The Mice Templar Volume II: Destiny 3 (September 2009)

The Mice Templar Volume II: Destiny #3

There’s some awesome art from Santos this issue. He gets to do not just the regular action, but also the flashbacks detailing the origins of the world. Glass has been doing a lot with the supernatural angle of the series and, for the first time, it feels like Mice Templar might not even take place on Earth. It’s way too soon to tell–and it might not even matter; this issue has a myth about two suns and one going out.

It’s also got that amazing action with a battle against a bee and a chase sequence involving the zombie cat. Or dog.

Glass sends his two mouse heroes into the daylight world and it invigorates their story. The interaction with the daytime creatures is fantastic.

The secondary plot, with the mouse captives escaping their cell, is less effective due to space constraints. It’s complex, which the primary isn’t (so far).



The Bright Realm; writer, Bryan J.L. Glass; artist, Victor Santos; colorist, Veronica Gandini; letterer, James H. Glass; editor, Judy Glass; publisher, Image Comics.

Southern Bastards 3 (July 2014)

Southern Bastards #3

I’m really hoping Earl isn’t leaving voicemails for his dead wife. I’m sort of hoping he’s leaving them for his dude. If Earl were an old gay guy who kicks ass, it might give Southern Bastards an edge. The series already has an edge, but it’s a predictable edge. I think I said it before–Bastards is prime option material for any actor from the Expendables series.

But it’s also got Latour and he’s bringing enough edge to make up for the rest. The comic is visually unexpected, between Latour’s composition choices and just the way he paces out action scenes. It’s a delight to read. It’s just not a delight to dwell on.

Aaron goes for the cheapest cliffhanger he can–young ally in trouble–and one has to wonder if the comic wouldn’t have read better longer, so the cliffhangers could be less forced.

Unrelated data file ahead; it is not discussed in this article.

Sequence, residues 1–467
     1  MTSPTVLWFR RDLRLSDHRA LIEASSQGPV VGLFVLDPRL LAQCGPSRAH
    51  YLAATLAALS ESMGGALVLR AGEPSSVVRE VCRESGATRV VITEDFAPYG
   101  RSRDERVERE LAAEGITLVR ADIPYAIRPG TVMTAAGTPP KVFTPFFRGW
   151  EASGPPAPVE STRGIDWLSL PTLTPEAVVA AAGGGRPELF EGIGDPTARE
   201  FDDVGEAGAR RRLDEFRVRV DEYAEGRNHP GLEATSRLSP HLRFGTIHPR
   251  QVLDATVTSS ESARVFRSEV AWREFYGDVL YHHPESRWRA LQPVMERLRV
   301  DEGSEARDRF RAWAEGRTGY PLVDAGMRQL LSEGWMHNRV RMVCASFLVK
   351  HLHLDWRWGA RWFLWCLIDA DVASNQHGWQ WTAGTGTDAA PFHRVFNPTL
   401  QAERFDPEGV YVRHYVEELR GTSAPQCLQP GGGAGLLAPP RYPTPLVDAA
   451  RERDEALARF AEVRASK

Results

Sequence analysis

Still, Latour covers it.



Here Was a Man, Part Three; writer, Jason Aaron; artist and colorist, Jason Latour; letterer, Jared K. Fletcher; editor, Sebastian Girner; publisher, Image Comics.

The Flash 302 (October 1981)

The Flash #302

I was hoping Bates would keep Flash running smoothly after the previous issue, but this one doesn’t bode well for the series keeping up. Even more than usual, Barry–and the Flash–are less characters in the comic than they are movable pieces for Bates’s plot. There’s not even the attempt at showing the Flash’s fantastic powers. Instead, Bates shows him doing what equates to a grade school science project without the traditional verbose, fantastic explanation.

This issue has Flash apparently falling for the Golden Glider. Now, I’m not sure about her family situation, but she doesn’t remember Flash messing with her brother a few issues ago. I guess they aren’t in touch. SO why’s she important–do they have some deep, repressed attraction for one another? Nope, it’s all for Bates’s evil dad plot.

It’s lame.

The Firestorm backup isn’t much better. Again, fine composition from Cowans, weak detail. And rushed writing.



Lisa Starts with L and That Stands for Lethal; writer, Cary Bates; penciller, Carmine Infantino; inker, Bob Smith; colorist, Gene D’Angelo. Firestorm, Invitation to Revelation; writer, Gerry Conway; penciller, Denys Cowan; inker, Rodin Rodriguez; colorist, Jerry Serpe. Letterer, Ben Oda; editor, Len Wein; publisher, DC Comics.

The Field 3 (July 2014)

The Field #3

This issue feels incomplete. Not just because of Brisson’s plotting, but also because of the lack of grandiose art. While Roy gets to go crazy a few times, it’s always reserved in terms of space. For instance, the decapitations don’t get the page time they deserve.

Brisson saves himself time for the big revelation and it’s fine enough. It’s an easy one, just because it sounds vaguely plausible but it’s a familiar enough trope. It’s effective too. Easy and effective, but it takes Brisson page after page to get all the exposition done. Those pages are talking heads and who wants talking heads when Roy’s more than capable of going fully nuts on the art.

And, given certain aspects of the revelation, it seems like it’s coming a little late. In the third of four issues, there’s only so much time left for Brisson to play.

The issue’s too slight.



Writer and letterer, Ed Brisson; artist, Simon Roy; colorist, Simon Gough; publisher, Image Comics.

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